Rosanne Cash is something of an anomaly in country music.
She's not one of those hep "new traditionalists," though a few of her songs, like the delightful current hit "Tennessee Flat Top Box," are in that vein. In fact, most of her music is old-style "soft rock" that so often passes for modern country--the sort of thing that purists and critics usually hate. Yet most of these same purists and critics are quite willing to make an exception in Cash's case and all but adore her.
If she can be classified as a country music singer--debatable, though she's certainly a country music star --she is surely the most well-rounded one we have right now. On Monday at the Roxy in West Hollywood, Cash once again demonstrated her impeccable taste in choosing songs as well as writing them, covering challenging material that might be seen as difficult out in the sticks, as well as her universally accessible hits.
Probably first and foremost, Cash remains a great confessional balladeer. She's disarming enough to make you think she's telling you things that maybe you shouldn't hear, as in the recent "The Real Me," a song as nakedly ambivalent and vulnerable as this kind of material gets. And Cash alluded to her well-publicized former bad habits in introducing "If I Could Only Learn to Make You Love Me."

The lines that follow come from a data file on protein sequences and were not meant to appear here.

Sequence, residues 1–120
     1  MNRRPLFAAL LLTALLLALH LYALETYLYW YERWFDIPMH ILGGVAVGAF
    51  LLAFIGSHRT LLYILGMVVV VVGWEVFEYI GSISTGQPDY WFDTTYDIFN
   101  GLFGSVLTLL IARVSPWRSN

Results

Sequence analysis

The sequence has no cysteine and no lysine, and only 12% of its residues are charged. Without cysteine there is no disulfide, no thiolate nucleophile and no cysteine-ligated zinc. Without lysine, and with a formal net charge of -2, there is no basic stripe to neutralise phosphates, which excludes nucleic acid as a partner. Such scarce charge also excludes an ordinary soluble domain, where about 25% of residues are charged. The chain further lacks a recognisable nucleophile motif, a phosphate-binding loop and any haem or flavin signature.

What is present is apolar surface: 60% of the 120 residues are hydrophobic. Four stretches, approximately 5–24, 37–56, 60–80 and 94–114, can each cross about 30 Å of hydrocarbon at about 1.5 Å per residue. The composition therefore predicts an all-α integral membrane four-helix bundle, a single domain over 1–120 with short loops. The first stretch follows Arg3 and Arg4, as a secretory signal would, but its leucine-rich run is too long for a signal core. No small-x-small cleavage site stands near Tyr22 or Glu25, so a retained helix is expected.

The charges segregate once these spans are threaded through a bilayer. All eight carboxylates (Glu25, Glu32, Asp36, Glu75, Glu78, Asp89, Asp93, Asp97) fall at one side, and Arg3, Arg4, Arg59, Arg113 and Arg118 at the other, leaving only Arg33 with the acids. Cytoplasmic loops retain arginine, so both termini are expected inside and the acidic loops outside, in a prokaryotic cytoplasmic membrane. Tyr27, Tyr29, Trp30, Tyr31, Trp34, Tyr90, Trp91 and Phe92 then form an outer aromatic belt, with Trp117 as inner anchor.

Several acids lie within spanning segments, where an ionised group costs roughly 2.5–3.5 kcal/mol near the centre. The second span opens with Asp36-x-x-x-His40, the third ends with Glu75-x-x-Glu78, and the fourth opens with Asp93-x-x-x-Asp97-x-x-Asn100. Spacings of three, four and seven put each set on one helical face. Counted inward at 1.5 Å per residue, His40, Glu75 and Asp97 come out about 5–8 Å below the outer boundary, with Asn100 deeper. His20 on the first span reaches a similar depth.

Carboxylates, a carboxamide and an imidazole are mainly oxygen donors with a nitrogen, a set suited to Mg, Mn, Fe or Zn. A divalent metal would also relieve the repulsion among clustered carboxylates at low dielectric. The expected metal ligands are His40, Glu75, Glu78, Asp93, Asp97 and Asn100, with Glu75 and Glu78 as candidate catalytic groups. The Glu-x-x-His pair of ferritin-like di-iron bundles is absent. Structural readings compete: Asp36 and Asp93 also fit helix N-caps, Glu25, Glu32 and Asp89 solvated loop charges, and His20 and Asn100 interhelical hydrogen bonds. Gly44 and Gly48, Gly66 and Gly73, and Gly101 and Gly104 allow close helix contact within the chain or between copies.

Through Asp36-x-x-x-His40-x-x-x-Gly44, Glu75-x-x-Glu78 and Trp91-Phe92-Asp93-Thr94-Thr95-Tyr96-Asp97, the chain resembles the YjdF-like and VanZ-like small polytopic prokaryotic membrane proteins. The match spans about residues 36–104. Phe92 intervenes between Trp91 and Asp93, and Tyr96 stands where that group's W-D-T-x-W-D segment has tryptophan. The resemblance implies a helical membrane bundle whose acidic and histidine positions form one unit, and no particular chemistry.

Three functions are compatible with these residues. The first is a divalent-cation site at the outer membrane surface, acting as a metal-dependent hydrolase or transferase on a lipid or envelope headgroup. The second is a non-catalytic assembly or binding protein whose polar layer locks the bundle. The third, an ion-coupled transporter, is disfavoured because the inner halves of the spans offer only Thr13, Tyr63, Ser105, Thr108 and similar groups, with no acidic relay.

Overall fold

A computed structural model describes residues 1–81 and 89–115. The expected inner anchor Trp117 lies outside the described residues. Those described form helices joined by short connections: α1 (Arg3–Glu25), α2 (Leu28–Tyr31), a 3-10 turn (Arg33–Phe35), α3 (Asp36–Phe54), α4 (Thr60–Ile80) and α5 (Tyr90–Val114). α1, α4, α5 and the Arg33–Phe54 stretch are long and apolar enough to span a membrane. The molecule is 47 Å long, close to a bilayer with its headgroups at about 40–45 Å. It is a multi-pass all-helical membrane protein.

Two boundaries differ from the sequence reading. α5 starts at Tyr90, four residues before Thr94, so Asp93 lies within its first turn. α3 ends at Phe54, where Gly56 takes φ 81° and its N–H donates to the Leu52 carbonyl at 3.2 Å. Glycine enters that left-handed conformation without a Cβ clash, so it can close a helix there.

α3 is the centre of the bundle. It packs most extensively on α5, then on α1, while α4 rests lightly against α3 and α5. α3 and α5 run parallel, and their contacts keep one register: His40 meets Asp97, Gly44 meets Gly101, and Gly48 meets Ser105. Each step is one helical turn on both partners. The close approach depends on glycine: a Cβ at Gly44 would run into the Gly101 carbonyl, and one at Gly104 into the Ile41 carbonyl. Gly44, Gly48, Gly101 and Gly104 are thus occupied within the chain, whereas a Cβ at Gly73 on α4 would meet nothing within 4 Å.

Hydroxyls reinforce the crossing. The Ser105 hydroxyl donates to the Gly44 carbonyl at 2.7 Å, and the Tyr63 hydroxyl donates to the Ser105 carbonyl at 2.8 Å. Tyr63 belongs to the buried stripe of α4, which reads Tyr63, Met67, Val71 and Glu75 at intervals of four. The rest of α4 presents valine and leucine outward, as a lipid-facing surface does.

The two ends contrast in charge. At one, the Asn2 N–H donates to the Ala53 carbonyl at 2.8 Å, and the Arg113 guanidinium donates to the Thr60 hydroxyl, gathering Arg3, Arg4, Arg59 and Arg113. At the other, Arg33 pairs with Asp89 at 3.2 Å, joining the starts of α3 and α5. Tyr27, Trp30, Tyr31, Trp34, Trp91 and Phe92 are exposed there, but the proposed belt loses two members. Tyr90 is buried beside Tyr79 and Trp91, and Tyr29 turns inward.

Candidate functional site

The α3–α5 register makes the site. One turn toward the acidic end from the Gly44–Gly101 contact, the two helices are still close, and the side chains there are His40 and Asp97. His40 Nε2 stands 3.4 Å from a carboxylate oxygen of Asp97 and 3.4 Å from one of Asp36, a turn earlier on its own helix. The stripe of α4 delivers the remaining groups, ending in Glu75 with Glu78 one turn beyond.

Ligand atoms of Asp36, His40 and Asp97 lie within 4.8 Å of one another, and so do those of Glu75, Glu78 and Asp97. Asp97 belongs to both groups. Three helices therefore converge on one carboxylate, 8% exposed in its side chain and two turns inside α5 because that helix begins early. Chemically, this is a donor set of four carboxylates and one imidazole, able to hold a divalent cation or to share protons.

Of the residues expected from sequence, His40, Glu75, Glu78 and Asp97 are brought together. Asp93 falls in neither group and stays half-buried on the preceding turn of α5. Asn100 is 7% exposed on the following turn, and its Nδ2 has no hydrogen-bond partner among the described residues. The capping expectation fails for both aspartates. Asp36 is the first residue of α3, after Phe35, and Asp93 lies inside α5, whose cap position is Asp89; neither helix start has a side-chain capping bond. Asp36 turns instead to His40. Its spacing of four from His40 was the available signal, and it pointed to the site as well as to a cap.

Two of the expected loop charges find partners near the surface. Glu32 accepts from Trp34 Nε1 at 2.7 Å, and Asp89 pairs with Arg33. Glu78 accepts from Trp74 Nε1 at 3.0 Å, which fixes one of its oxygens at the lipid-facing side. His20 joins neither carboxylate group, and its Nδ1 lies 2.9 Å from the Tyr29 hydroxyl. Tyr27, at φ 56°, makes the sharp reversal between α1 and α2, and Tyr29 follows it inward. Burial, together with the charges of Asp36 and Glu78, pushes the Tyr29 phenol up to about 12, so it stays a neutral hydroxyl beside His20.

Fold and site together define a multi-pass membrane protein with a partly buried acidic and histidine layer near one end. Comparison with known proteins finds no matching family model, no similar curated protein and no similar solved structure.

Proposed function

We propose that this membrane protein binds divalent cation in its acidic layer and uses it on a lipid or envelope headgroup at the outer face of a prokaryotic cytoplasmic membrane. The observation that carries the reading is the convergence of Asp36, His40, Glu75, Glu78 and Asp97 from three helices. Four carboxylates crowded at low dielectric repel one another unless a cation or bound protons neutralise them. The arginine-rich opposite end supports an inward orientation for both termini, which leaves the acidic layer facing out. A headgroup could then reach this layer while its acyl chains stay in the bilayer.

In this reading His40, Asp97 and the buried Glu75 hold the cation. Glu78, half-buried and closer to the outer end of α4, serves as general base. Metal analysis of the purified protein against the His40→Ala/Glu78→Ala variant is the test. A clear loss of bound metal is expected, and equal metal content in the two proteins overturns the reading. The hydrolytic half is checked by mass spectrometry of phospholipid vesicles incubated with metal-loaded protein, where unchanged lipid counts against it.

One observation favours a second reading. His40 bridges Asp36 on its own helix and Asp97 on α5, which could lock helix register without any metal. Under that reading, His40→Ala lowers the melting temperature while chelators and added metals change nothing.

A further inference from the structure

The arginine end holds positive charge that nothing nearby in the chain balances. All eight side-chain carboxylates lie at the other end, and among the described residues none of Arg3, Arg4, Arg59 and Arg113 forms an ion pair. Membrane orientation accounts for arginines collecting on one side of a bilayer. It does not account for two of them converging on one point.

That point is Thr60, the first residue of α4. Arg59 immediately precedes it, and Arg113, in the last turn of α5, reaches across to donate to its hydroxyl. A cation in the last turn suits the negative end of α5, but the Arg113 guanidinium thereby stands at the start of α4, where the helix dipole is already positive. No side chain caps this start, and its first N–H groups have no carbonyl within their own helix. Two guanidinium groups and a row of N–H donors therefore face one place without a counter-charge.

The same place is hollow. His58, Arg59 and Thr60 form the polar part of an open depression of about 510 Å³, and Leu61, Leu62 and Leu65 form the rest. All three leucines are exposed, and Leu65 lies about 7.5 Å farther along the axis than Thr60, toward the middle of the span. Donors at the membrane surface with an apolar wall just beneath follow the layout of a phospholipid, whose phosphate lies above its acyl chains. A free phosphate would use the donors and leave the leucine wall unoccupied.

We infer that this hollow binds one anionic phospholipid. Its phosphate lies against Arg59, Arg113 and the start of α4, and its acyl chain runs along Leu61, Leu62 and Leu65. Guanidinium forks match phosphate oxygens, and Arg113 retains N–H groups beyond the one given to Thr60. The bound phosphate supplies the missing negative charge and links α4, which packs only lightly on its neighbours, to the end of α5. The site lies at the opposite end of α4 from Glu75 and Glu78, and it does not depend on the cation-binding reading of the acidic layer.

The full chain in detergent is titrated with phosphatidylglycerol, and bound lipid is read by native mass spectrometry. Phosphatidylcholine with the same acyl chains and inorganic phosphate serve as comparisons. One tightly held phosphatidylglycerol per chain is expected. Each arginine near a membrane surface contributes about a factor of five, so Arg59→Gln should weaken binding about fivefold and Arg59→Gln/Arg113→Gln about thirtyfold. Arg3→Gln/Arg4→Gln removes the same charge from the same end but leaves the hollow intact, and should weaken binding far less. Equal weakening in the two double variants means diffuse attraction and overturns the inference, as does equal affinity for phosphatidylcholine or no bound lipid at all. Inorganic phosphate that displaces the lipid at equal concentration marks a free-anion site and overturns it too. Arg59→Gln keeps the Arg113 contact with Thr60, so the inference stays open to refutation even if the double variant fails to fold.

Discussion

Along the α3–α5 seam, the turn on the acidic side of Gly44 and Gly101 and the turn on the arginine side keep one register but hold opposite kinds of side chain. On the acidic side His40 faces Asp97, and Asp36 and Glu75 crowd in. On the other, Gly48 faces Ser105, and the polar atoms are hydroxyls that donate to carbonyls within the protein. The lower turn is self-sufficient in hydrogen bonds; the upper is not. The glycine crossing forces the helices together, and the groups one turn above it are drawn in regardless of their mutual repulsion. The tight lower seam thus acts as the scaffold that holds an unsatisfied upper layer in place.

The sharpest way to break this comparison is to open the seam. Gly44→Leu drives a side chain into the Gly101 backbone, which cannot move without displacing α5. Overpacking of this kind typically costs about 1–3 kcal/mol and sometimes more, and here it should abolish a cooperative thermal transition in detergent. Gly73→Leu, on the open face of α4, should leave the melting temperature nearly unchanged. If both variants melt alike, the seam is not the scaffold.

In more upbeat moments--much more so than in her last local appearance two years ago--Cash was able to comfortably look and act the part of the rock 'n' roll thrush, with a low-cut black dress and permed hair, backed by a first-rate band.
The new songs she introduced by Elvis Costello ("Our Little Angel," a brilliant choice) and Steve Goodman were as strong as the familiar highlights from the pens of John Hiatt (her recent No. 1 country hit "The Way We Make a Broken Heart"), her husband, Rodney Crowell, and her own hand. These days, that kind of sound journeywoman essence is vastly under-appreciated by the pop market, so if the country market wants to label and claim her as its own, more power to it.